With the influx of street-style blogs, there’s so much more interest in models’ off-duty style. Do you feel a pressure to dress well all the time since you never know when you’ll be photographed?
Well, for me it’s not so much coming from the blogs but I have three clients that live on my floor in my apartment building. So every time I walk my dog, it’s like a potential casting if I run into them in the hallway. And I run into them all the time. I’m always like, ‘Oh, sorry! I just threw this on!’ and they’re like, ‘No girl, you look fab!’
Who are they?
I’d rather not name them. They’re art directors and stylists.
What was your first major splurge, once you started making your own money?
I bought a phone. It was a long time ago so I had one of those little Nokias, you know the ones with the snake game? So I bought like a $600 PDA, which was like one of the first smartphones. It was like one of those big universal remote control things. It was huge! So that was my first but after that, it was all shoes. I’m addicted to shoes. My mother and I used to just go to Bergdorf’s all the time and go crazy on the shoe floor.
What’s the best trade you’ve gotten?
I don’t know what season it was but I got a trenchcoat after the Marc Jacobs show. There was a closet with things we could take and I just grabbed it and ran before any of the other girls could take it. It’s some kind of animal print in burgundy — it’s absolutely gorgeous.
When you travel for work, what do you make sure to pack?
Definitely an umbrella for London. Neosporin and loads of Band-Aids because we get some fierce blisters. I also take honey with me for when I don’t have time to run out and get it.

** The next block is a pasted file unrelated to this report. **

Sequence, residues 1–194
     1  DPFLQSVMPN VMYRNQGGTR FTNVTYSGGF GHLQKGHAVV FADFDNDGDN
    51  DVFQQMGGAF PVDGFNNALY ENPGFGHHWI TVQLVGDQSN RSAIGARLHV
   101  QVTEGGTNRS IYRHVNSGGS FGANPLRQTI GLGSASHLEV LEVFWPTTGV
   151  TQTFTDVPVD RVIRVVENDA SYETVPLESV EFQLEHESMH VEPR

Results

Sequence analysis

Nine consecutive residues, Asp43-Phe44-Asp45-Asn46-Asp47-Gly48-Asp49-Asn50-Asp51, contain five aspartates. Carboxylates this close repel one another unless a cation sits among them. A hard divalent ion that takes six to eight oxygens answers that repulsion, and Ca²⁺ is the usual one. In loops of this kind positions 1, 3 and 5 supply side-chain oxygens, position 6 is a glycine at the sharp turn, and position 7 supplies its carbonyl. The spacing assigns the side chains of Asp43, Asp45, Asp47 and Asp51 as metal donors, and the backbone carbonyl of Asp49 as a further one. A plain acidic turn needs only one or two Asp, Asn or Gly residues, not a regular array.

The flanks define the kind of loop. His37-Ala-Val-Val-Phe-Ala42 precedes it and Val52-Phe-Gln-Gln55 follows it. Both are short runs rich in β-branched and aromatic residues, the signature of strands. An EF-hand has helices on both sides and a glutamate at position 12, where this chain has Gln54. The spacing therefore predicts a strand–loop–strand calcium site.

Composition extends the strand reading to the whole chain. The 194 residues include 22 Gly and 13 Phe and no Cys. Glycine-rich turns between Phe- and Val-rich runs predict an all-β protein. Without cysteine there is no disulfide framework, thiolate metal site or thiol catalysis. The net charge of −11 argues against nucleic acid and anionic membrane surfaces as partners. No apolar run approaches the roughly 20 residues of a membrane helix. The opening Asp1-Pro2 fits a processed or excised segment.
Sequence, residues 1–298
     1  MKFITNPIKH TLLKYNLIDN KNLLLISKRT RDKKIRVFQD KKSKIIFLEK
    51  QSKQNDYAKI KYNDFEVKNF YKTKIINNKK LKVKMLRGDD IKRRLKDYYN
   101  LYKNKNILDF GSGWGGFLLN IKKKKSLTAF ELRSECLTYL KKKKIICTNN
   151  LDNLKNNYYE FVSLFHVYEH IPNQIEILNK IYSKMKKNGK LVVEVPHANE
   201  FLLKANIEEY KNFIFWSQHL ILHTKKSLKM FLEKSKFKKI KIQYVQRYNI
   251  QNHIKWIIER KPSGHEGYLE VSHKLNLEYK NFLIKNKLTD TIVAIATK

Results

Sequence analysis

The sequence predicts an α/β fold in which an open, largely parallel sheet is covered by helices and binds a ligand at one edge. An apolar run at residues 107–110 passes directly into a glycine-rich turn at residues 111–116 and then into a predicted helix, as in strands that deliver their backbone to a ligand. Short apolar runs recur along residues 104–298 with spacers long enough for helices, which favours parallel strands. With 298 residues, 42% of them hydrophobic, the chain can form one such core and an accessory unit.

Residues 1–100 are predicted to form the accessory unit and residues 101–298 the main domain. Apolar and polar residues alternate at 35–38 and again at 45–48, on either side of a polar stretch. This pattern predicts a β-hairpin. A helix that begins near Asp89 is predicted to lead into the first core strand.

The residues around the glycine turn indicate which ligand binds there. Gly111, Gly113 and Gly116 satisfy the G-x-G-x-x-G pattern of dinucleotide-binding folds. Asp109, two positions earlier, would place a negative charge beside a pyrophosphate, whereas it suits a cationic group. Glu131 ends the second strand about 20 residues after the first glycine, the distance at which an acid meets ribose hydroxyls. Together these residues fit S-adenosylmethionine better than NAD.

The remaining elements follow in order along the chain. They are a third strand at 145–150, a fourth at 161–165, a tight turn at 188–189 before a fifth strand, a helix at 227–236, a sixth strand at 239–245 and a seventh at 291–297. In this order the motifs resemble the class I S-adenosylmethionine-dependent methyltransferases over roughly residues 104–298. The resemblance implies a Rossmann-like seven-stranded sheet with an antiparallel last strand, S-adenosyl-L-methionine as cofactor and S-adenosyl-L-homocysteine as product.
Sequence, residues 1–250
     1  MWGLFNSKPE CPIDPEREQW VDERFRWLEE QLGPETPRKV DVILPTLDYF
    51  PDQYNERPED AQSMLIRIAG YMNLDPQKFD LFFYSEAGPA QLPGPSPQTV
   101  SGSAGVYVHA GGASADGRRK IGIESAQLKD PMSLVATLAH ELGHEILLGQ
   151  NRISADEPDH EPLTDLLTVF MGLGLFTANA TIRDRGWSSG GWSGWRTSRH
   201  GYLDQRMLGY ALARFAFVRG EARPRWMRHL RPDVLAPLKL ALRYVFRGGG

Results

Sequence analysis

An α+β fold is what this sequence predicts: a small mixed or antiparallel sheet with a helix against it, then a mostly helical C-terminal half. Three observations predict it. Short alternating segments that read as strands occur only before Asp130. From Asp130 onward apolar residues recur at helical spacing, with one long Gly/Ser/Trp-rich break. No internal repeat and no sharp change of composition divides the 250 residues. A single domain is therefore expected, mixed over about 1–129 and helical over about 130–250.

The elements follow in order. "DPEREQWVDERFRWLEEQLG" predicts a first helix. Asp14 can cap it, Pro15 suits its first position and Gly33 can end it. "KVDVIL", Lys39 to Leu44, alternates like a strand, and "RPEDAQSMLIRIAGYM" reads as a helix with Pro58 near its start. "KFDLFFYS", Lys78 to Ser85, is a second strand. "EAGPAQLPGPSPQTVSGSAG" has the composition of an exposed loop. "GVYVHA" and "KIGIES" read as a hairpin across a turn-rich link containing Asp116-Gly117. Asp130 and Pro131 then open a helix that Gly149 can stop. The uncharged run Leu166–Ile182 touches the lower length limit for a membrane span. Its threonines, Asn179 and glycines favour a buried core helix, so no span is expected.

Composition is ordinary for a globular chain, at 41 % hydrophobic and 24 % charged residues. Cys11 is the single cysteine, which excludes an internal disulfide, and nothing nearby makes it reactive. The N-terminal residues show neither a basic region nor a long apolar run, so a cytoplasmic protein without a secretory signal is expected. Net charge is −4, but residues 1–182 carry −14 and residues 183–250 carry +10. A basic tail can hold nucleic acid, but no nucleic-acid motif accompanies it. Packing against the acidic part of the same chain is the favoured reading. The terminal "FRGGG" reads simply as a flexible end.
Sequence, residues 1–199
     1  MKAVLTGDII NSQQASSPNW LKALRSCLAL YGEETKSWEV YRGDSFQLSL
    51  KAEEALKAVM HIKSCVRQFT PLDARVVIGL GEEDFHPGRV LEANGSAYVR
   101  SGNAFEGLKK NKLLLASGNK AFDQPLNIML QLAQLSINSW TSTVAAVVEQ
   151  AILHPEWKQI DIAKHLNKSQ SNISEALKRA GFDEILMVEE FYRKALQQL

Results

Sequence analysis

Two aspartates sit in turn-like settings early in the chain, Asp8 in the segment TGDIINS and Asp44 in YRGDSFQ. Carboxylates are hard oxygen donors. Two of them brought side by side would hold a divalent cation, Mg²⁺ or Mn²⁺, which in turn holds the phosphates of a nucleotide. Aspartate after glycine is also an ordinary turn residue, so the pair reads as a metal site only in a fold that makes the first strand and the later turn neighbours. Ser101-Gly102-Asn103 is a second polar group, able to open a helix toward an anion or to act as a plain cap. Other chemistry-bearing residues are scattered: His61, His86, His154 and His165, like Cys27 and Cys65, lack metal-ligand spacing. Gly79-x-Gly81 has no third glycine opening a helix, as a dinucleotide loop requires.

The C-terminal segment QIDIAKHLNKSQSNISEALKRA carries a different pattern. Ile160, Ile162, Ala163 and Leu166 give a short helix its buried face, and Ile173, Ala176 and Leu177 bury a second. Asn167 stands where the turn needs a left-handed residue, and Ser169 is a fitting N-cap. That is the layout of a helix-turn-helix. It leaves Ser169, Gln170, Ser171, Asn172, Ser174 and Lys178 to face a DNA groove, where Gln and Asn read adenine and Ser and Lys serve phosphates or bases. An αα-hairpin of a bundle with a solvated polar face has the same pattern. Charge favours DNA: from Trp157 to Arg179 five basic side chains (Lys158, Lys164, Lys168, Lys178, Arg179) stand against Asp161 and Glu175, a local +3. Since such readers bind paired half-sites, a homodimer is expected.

Honey? For what?
For a mask. I just slather it on my face. It takes off the dead skin and leftover makeup. I also do an avocado-apricot-honey mask when my skin needs moisture.
Do you have any sort of pre-show season beauty preps?
I more so work on my body, make sure I’m in tip-top shape. August is the time to start working out.
What’s your routine?
I run like crazy on the treadmill. I go literally until I can’t run anymore, and then I work on my stomach. Sometimes I don’t feel like going downstairs to my building’s gym because, again, it’s filled with clients so I’ll do a kickboxing DVD in my apartment.
What’s the most uncomfortable thing you’ve had to wear during a show?
It was a dress for Christian Siriano’s show. It was just very tight so I couldn’t sit down or move. I just had to look straight and take baby steps. And they had dressed everyone at the same time and I was last to walk so it was just a matter of standing for a while. It was this feathery number. I was like, ‘Can I sit?’ and he’s laughing like, ‘Bitch, do you know how many hours I spent plucking those birds?’
What’s the strangest thing you’ve done for a job?
I guess when I posed on icebergs when I shot with Harper’s Bazaar. We shot it in Iceland and I’m a city girl, so I’m like, ‘Wait, we’re going to play on snow?’ I was wearing 8-inch heels and it was slippery so I had to have a safety team there in case anything happened.
What could happen?
In case the iceberg tipped over or to scare away the seals that were popping up on it. I mean, I don’t even like pigeons so I was like, ‘Ahhh!’